As we continue to battle COVID-19, you may feel like you’re being inundated with information and communications regarding the virus and related guidelines. But are you receiving information from the community that’s responsible for caring for your senior loved one?

At this point, responding to COVID-19 is no longer an “if,” but a “when” for senior care providers. The virus continues to spread, and our senior population is most at risk. This means that clear communication with residents, care teams, and families is more important than ever. Many communities are facing scrutiny from angry families and displeased staff when it comes to how they’ve handled the virus. Most notable among these complaints is an extreme lack of communication. With that in mind, here are some tips to help your facility exemplify clear, frequent communication with everyone in your community.

Be Prepared Before Cases Show Up

Being proactive is critical in pandemic situations. If you don’t already have one, you should form a communications team dedicated to keeping residents, employees, and families informed. Guidelines and information surrounding COVID-19 are ever-changing and must be evaluated on a daily basis.

Having the most current and accurate information will help your team create appropriate strategies for coping with the virus when it affects someone in your community. Planning for “when,” not “if,” means you should also have a plan in case quarantine is required. Your plan should be an extension of your emergency or pandemic plan, and your team should understand it enough to act on it immediately.

There’s No Such Thing as Too Much Communication

In our current situation, there’s no such thing as over-communication. You should repeatedly share what your facility is doing to prevent the spread of cases in your community. Use various methods (e.g. email, social media, your website, and traditional mail) to communicate updated visitation policies, health screenings, PPE protocols, enhanced housekeeping and disinfecting routines, and any other actions your team is taking that aren’t part of your normal routine. Additionally, ensure that your team understands the exact process or procedures they need to follow for screening or reporting symptoms, whether their own or for a resident they’re working with.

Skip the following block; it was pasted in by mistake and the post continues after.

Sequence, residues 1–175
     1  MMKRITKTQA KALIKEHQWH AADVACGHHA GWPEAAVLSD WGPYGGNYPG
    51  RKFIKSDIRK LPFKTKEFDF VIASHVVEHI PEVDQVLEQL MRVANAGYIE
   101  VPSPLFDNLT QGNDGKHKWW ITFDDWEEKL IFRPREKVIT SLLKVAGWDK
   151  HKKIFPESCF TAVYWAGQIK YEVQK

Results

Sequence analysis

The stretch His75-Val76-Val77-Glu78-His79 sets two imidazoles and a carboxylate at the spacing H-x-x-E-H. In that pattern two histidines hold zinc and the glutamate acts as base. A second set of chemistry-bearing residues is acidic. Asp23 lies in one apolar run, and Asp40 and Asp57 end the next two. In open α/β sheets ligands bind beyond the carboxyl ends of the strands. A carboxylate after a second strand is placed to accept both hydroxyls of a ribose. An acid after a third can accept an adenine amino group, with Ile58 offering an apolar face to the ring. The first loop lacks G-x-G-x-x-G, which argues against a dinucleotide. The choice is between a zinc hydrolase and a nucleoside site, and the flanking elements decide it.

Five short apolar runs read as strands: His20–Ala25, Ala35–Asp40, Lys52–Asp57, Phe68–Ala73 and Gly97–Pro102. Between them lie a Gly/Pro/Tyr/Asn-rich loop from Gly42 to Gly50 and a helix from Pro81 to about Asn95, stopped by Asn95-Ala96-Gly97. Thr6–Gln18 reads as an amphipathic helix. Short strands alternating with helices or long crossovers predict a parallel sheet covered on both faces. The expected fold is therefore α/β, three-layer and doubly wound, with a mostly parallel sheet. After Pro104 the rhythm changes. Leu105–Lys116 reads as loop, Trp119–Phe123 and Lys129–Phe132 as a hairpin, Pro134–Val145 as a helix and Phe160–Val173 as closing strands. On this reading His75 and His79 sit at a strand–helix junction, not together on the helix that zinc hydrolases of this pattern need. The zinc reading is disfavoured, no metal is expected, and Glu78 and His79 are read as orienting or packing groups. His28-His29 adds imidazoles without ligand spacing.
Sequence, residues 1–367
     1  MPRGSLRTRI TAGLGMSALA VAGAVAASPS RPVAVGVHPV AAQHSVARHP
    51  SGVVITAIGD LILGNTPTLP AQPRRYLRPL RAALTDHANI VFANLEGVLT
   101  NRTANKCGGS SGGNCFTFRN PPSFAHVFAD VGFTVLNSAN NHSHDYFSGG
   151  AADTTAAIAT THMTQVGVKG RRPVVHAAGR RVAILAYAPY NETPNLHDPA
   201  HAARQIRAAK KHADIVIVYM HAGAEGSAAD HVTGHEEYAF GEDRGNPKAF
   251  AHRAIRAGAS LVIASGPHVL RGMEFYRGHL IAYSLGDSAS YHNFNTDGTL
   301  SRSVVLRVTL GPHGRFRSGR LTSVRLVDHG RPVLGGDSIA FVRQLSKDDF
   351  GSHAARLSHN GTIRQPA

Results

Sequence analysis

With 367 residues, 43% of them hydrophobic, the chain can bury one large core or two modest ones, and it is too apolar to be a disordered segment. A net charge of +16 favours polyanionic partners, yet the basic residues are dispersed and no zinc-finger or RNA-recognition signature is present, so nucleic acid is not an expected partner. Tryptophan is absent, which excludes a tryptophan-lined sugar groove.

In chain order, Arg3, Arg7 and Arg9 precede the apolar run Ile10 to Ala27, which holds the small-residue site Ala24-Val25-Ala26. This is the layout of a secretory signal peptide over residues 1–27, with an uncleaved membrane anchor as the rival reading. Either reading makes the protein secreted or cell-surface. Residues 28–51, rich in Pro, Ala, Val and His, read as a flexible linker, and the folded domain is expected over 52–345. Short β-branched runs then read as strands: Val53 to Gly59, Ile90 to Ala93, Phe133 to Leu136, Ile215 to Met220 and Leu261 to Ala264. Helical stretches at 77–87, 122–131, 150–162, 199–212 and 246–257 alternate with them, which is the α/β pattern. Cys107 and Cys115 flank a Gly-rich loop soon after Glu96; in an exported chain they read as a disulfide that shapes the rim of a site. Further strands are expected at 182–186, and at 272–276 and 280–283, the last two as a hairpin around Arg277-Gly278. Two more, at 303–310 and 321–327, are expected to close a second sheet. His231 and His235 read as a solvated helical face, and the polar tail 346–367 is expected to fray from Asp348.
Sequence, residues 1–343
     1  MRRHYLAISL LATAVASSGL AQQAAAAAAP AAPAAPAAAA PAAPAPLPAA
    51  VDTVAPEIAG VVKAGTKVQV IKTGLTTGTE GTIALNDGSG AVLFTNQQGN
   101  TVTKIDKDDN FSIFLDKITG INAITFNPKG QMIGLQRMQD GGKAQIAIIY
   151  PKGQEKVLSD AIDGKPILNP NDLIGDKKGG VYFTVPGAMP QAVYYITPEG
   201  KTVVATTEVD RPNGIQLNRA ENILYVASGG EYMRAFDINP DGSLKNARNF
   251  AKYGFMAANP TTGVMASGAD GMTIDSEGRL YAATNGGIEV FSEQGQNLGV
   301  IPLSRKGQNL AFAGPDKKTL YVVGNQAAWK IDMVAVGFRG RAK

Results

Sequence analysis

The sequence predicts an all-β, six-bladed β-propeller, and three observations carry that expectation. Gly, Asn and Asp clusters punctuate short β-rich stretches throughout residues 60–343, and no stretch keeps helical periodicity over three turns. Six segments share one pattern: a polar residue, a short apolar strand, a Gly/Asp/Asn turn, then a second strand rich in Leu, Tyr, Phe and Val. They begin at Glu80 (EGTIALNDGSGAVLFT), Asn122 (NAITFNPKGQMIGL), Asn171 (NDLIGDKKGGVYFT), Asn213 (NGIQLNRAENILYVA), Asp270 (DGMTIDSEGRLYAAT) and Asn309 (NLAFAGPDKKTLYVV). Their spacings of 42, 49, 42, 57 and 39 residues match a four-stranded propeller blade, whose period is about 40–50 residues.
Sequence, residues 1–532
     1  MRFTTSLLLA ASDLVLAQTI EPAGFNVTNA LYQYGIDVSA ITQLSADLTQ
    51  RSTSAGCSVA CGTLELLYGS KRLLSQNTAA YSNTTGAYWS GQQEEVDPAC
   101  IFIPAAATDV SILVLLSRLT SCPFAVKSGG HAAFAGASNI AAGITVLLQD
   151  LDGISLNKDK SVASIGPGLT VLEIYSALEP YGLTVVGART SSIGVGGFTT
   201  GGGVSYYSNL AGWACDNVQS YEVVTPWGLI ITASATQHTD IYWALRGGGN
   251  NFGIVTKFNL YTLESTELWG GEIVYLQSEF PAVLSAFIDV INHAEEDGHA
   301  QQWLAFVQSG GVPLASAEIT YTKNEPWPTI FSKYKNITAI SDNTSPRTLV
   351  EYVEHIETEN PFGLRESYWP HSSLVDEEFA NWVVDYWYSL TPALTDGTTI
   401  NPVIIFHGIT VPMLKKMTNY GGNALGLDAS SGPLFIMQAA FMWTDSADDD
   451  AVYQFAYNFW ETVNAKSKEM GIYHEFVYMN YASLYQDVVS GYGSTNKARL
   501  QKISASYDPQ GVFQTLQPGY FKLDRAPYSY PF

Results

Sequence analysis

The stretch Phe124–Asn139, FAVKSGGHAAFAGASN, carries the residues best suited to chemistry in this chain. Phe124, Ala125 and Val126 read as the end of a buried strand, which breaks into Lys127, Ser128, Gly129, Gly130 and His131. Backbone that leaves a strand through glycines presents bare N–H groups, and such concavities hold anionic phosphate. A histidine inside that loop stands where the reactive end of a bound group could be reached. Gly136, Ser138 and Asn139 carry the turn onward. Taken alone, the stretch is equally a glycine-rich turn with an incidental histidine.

Monitor the Local Area

Your administrator and communications team should be monitoring updates in the news, on social media, and from local government and health officials. Do what you can to follow cases that have been reported at nearby facilities or locations. Keeping tabs on local activity can help you adjust your response based on how other organizations have handled COVID-19.

Have a Draft

Don’t wait until your community is in the thick of things to discuss appropriate and transparent language that should be used in case of media inquiries. Take time to create a variety of approved statements that you can reference at a moment’s notice, should you find that you’re overwhelmed with media statement requests.

Be Timely, Consistent, and Transparent

It seems that where there’s one case of COVID-19, there will soon be others. Time is of the essence when it comes to disclosing the facts about an outbreak to your team and your residents’ family members. Wait too long to share important information, and you’ll find that you have no control over the narrative that makes it into the public eye. Be consistent with your updates and use transparent and accurate language to help calm anxieties and fears.

Consider dedicating an email or phone number to handling questions or concerns from residents, family members, and coworkers. Remember that those affected by the situation in your community should be the first to hear any updates and that they should hear them directly from you. Find a way to make the communication process quick and efficient so that your community isn’t hearing rumors or misinformation from external sources.

Know That Your News Travels

Know that any information you’re providing to your community will most likely travel through the grapevine and into the public. Treat all information as though it is already public knowledge by following HIPAA precautions, using transparent and accurate language, and being consistent in your messaging, no matter the outlet (social media, news, website, etc.).


We hope this advice is a helpful starting point in preparing you to weather the storm of COVID-19. These tips only cover the basics when it comes to protecting your community’s reputation, but we hope you take them to heart and use them to create a proactive and comprehensive pandemic response plan.

Our final tip is to take a much-needed deep breath during this trying time. Leading a pandemic response in long-term care will be nothing short of chaotic, stressful, and exhausting. Preparing yourself to weather the storm is as important as preparing your team, and managing your stress will prove extremely important as COVID-19 rages on. Be kind to yourself and others, be transparent and consistent, and be strong and carry on. We’re all in this together!

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